25 April 2011

Planet GOP

What motivates people like 11 Colorado State Senators (almost the entire GOP caucus in the State Senate): Kent Lambert, Bill Cadman, Scott Renfroe, Mark Scheffel, Keith and Steve King, Nancy Spence, Kevin Grantham, Ted Harvey, Mike Kopp, and Kevin Lundberg, to sponsor "Birther" legislation? (In fairness, the legislation proposed, which is prospective, does not itself on its face question the legitimacy of President Obama's current tenure in office.)

What makes Republicans like Scott Gessler, our Secretary of State, convinced that there are massive numbers of illegal immigrants voting our elections, in the absence of evidence that this is happening (or does he really believe it)?

What drives Republicans like Retired General William Boykin to forward an agenda arguing that Islam is Satanic and shouldn't be included in the freedom of religion?

Why do so many Republicans support succession? Why do so many think contrary to the historical fact, that the Founders were evangelical Christians trying to create a Christian nation?

Why do so many Republicans think it is O.K. to pass laws that are clearly unconstitutional either because they violate the Supremacy clause and assert a state right to disregard binding federal law, or because they violate well established precedents like Roe v. Wade?

Why do so many Republicans claim that President Obama is a Muslim? If one wanted to sully the President's religious credentials, surely the claim that he was a closet atheist, given his adult conversion to Christianity after a secular youth would have been more plausible and atheists are almost as despised by Americans as Muslims in public opinion polls.

How did the Republican party manage to secure a lock on the crazy absurd positions and ideas so fervantly opposed to our constitutional traditions, while claiming a banner of greater patriotism?

Really, factually incredible claims simply don't have the same political currency in the Democratic party that some factually incredible claims do in Republican circles. Really, the Democratic party is far more comfortable with the framework established by mainstream constitutional law than Republicans. Even when Democrats disagree with authoritative interpretations of the constitution in areas such as corporate free speech rights in political debates, they generally don't argue that their view is the absolute law which other parts of the political system are free to ignore. Republicans, in contrast, seem to delight in proclaiming a fantasy constitution to be the real one.

Democrats live with a world view that is bounded by a sense of legal and factual reality; an important subset of Republicans seem entirely divorced from both.

It is hard to hope for politics based on a reasoned search for the truth when a significant share seem to be delusional in many cases. How does one build common political ground with people who don't seem to be playing by the same rules?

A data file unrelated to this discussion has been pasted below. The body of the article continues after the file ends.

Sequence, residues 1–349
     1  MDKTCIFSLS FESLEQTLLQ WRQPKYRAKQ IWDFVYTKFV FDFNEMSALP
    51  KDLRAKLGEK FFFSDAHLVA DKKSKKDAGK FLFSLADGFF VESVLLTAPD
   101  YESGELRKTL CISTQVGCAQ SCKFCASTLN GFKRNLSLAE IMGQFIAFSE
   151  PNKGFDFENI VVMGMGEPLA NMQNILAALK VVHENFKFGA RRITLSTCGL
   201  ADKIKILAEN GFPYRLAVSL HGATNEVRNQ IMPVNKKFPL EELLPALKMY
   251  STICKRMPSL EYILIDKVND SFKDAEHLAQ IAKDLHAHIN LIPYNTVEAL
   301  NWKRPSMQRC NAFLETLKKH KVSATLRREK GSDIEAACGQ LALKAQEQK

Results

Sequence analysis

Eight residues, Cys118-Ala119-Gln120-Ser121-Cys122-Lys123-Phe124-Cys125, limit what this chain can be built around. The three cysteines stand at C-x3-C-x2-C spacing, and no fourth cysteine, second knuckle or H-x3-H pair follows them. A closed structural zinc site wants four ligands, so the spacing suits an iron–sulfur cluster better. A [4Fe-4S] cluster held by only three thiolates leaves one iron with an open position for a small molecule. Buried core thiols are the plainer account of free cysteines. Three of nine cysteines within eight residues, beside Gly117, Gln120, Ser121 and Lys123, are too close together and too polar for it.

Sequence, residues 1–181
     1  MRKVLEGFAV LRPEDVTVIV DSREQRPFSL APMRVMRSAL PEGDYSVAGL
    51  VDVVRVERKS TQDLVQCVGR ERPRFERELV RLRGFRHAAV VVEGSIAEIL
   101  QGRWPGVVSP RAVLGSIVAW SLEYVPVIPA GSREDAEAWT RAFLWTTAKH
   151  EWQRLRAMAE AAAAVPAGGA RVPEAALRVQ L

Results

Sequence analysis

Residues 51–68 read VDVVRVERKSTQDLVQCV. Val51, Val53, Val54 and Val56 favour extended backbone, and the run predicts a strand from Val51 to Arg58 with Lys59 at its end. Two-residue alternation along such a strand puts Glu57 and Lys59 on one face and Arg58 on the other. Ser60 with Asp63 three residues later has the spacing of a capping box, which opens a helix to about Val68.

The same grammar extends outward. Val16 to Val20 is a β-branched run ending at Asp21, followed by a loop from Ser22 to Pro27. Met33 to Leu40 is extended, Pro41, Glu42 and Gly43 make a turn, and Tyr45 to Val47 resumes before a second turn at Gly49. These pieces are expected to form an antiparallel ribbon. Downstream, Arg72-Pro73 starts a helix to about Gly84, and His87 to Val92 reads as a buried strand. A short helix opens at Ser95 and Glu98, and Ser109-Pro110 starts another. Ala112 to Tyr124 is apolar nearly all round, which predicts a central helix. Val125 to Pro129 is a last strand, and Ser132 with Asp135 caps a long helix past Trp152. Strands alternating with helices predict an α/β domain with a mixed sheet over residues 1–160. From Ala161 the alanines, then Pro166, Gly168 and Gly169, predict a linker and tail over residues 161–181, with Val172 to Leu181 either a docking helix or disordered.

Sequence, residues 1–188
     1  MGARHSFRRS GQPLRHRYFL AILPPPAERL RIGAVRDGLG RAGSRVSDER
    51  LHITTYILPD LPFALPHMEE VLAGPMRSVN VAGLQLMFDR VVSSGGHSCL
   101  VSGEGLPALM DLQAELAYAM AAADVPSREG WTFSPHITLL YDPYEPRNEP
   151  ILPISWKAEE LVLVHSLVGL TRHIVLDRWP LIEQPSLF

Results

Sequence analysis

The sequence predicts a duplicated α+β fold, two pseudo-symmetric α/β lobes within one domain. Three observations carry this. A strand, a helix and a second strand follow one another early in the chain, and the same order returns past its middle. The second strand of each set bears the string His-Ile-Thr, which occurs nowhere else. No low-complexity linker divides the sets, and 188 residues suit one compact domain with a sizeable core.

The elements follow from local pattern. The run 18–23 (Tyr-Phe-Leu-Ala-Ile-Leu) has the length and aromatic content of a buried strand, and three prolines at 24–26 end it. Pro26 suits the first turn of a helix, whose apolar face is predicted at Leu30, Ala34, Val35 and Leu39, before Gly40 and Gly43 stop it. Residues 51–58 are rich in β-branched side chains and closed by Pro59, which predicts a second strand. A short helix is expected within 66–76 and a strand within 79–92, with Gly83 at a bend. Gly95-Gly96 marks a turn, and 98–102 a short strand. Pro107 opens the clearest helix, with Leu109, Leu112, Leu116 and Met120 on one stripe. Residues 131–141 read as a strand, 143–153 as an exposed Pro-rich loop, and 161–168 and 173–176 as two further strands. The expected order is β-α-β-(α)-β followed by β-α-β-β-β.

Not all Republicans, especially among the rank and file in professional and managerial ranks in America fit this stereotype. But, a surprisingly large number do seem to be a fit for it.

What is going on? Is this really a stable ideology, or a case where a small, tightly disciplined cadre of of extremists have taken hold? For how many are these beliefs sincere and heartfelt, and for how many is this calculated hypocricy and stagemanship?

I know some of the outlines of where some of these ideas have roots in intellectual history, their political roots, and the origins of the political identity of people who now identify as the conservative Republican right wing. But, that doesn't make it seem any less bizzare when I encounter it. How did ideas from Glen Beck recycled from a John Bircher political philosopher gain such much currency with so many people? Why was the intellectual environment so fertile for these ideas? How did right wing media and mainstream media (there scarcely is any truly left wing media) become so disconnected from each other? Why has the outcome of the Civil War been so hard for so many to accept a century and a half later?

Europeans aren't rushing to talk radio stations proclaiming that the monarchies deposed in the 1870s are still the legitimate governments of their countries today and winning majority support in polls of members of major political parties. Why are an important subset of Americans engaged in the same exercise?

Why are Tea Party members so angry at government's existence and operations? Does it make any sense for what is at its roots, as the name suggests, an anti-tax party, to be thriving at a point when taxes are already at sixty year lows?

Why is the public so succeptible to mass political hysteria? Is there something in the political process that is encouraging this kind of sentiment? Or, is this kind of sentiment inextricably intertwined with democracy itself? What does it take to make the masses see crazy talk for what it is?

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